Check out this Customer Reference Interview Worksheet to assist you in asking consistent yet important questions.
Getting the best price for your project is critical. Make sure you have a budget set before you start reviewing quotes.
Determining costs for small projects is usually simple. But you want to make sure that all contractors you are getting quotes from are providing the same services and materials.
For complex projects, it mate take a few conversations before they can begin determining costs.
Experienced renovators can offer a price range on the spot baed on similar jobs they have done in the past. This can be helpful upfront, but be aware that the cost of a project can vary greatly.
A guesstimate is NOT a price quote.
If a price quote is written down, it represents a renovators offer to perform your project for a specified price based on the description of work included in the quote.
A quote should specify:
- The materials and products to be used
- Labour requirements
- Accompanying costs for each item
Contractors will usually require an upfront payment or deposit if you accept a quote and sign a contract. Deposits should never exceed 100% of the total cost of work. The exception to this would be if a contractor has to purchase custom materials or products that must be pre-paid and are not returnable.
If accepted, a written price quote is legally binding and becomes part of the contract between you and the contractor.
Get it in writing.
Once you have chosen a contractor and have accepted their price quote, it is time to sign a contract.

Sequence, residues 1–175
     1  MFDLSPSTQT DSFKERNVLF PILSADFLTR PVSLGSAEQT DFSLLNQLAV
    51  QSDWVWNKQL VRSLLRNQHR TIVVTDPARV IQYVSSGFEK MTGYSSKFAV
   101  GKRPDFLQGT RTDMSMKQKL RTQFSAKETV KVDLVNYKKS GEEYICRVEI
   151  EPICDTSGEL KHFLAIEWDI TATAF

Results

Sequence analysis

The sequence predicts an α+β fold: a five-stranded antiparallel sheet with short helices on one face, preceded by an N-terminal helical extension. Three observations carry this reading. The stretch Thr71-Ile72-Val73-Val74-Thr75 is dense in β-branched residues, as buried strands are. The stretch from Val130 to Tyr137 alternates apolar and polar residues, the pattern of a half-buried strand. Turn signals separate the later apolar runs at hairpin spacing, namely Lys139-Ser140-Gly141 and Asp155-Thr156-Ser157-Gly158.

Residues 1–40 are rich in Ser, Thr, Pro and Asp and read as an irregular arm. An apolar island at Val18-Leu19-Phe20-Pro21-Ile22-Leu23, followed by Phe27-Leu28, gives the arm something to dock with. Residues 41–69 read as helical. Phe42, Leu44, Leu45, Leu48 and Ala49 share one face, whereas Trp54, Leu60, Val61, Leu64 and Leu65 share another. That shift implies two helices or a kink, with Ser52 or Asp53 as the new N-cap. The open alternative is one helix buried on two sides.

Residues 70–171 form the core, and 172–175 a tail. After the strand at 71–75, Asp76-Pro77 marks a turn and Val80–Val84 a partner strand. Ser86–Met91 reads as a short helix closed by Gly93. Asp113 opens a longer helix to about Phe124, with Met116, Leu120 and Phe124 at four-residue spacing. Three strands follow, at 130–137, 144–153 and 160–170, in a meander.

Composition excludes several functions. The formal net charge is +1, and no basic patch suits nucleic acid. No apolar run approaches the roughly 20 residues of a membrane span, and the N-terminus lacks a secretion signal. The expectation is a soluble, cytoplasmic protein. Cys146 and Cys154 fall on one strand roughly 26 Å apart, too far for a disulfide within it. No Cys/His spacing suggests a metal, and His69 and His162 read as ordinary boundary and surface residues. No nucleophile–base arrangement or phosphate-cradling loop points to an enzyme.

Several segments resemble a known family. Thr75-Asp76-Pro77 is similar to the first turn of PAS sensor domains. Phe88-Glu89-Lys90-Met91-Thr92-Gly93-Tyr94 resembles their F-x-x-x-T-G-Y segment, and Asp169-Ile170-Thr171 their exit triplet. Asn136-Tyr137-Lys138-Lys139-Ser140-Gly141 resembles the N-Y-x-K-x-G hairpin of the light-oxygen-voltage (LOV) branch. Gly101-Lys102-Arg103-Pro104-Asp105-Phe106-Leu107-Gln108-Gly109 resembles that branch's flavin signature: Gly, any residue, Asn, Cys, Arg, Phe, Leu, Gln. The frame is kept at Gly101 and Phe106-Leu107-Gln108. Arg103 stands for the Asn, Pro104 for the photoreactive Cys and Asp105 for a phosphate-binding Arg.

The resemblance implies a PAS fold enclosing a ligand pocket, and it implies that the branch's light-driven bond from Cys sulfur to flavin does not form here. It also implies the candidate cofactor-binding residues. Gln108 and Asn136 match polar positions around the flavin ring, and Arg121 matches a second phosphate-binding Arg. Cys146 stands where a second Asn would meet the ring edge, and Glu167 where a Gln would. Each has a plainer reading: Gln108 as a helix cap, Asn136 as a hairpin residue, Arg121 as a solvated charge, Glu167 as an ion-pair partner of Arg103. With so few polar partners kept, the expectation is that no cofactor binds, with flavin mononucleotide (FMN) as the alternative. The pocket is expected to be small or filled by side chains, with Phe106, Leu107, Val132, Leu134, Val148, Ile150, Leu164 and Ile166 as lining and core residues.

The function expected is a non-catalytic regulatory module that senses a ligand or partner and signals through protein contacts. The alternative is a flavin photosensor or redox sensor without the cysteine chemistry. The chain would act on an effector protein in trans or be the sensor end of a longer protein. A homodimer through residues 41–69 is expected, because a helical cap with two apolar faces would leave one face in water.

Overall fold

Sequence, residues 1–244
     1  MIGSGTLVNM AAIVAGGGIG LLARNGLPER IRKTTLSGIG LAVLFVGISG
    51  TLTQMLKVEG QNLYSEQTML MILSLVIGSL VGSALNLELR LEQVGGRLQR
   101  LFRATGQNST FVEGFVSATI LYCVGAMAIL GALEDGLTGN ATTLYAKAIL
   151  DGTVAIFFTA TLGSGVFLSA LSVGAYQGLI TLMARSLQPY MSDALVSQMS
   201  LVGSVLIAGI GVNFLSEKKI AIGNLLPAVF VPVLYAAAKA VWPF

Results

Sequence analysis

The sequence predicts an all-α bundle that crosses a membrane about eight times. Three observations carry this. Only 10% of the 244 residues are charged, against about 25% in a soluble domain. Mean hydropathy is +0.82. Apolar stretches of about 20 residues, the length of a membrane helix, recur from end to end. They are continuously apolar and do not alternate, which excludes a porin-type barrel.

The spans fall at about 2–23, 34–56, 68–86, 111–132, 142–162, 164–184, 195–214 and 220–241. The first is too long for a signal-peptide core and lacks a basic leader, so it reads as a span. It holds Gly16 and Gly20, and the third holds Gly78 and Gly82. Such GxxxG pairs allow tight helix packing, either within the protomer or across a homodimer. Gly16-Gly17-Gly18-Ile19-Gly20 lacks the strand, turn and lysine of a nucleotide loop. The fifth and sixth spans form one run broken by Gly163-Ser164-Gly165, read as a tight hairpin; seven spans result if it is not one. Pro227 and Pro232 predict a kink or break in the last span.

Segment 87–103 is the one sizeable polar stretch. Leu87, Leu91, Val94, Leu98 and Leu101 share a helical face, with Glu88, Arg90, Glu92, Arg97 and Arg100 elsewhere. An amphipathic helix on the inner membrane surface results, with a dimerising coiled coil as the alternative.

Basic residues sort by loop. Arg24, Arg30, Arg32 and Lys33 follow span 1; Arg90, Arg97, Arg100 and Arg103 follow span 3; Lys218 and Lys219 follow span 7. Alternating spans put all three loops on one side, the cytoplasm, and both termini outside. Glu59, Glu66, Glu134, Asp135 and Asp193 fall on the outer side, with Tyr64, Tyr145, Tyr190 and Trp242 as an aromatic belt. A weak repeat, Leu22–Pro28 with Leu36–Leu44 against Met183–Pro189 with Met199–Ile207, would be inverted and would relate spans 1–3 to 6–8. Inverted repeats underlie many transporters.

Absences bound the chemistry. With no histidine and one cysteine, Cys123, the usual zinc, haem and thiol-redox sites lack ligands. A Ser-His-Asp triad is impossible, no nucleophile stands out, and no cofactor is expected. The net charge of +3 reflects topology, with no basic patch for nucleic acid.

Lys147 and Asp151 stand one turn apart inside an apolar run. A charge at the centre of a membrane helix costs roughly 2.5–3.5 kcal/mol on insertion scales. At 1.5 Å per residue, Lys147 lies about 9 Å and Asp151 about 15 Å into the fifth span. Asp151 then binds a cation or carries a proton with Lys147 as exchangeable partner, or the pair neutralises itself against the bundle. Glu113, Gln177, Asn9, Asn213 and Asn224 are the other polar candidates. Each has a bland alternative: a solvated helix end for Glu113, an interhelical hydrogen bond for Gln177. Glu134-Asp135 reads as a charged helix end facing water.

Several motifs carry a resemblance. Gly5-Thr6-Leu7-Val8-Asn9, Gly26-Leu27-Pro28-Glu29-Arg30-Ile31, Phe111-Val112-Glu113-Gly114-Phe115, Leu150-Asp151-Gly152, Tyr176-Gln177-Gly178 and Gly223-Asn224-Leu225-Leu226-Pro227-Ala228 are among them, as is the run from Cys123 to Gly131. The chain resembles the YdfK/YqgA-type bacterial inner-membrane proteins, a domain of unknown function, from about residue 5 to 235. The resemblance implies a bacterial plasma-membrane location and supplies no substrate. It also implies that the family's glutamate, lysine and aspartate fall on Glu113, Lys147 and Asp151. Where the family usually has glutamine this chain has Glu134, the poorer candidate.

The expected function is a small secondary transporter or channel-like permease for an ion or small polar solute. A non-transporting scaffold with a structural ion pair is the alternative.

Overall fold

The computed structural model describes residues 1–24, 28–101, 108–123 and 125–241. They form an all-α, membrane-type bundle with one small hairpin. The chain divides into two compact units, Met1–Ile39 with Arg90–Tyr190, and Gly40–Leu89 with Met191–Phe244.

Most contracts will contain this standard information:
- The Parties: You and the contractor. It should include addresses, phone numbers, email addresses and the contractors business or GST number.
- Addendums: The main contract should identify all attachments that are part of the contract, such as:
- Drawings, blueprints, and plans
- Specifications such as description of work, precise list of materials and products
- Other documents signed by both parties in the course of the contract
- Description of Work: What is to be done by the contractor as well as to be done by you or others outside the terms of the contract
- Start and Completion Dates
- Terms of Payment: Total amount and a payment schedule
- Holdbacks: Provincial legislative requirement that protects you against subcontractors who may try to place lien on your property in the even of non-payment
- Changes in Work: Extras and deletions as agreed upon by the parties
- Allowances: A lump sum in the contract price allocated for items to be selected by the homeowner
- Contingencies: An amount set aside to deal with unexpected items that the contractor cannot gauge accurately until work begins
- Standards of Work: The contractor’s commitment to performing the work in accordance to the contract documents
- Liability Insurance and Workers Compensation coverage
- Permits, Inspections, and Approvals
- Renovator’s Warranty: What the contractor will cover and for how long
- Use of Facilities and Utilities
- Dispute Resolution: May include a third-[arty arbitrator in the event of a conflict